Re: "Judge calls 2nd child abuse case 'vindictiveness'" (TNT, 3-31.)
The dismissal of criminal charges against Lynn Dalsing because of prosecutorial vindictiveness raises concerns far beyond whether or not she will get the court-ordered discovery long delayed because of her prosecution.
Prosecutors are suppose to tell the truth and provide the material without being asked whether it helps their case or not. Our system of justice depends on this. The resources of criminal defendants are limited. Prosecutors have a duty to provide discovery without being asked.
In Texas in 2004 Cameron Todd Willingham was executed for the arson deaths of his children. The scientific evidence that convicted him has since been determined to be junk science. Recently it was learned that the prosecutor withheld evidence of a deal he had made with a person who testified against Willingham. Had the jury known about the deal, it might not have convicted Willingham.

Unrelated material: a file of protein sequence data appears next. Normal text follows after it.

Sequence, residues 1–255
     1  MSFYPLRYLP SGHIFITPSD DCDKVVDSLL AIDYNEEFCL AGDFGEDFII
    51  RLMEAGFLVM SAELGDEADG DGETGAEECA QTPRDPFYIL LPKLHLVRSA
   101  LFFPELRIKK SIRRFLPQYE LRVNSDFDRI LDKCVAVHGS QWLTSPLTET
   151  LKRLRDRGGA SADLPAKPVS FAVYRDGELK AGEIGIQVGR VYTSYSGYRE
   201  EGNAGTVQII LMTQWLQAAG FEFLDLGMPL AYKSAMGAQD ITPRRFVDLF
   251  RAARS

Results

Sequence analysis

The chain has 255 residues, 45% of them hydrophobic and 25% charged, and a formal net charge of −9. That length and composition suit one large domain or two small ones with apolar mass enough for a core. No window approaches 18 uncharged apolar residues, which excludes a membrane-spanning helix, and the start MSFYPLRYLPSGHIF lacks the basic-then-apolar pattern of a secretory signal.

This is not the first time the Pierce prosecutor’s office has failed to produce court-ordered material. It seems only a matter of time before a wrongful conviction or a tragedy such as Willingham’s occurs because of the prosecutor failing to produce material unknown to the defense.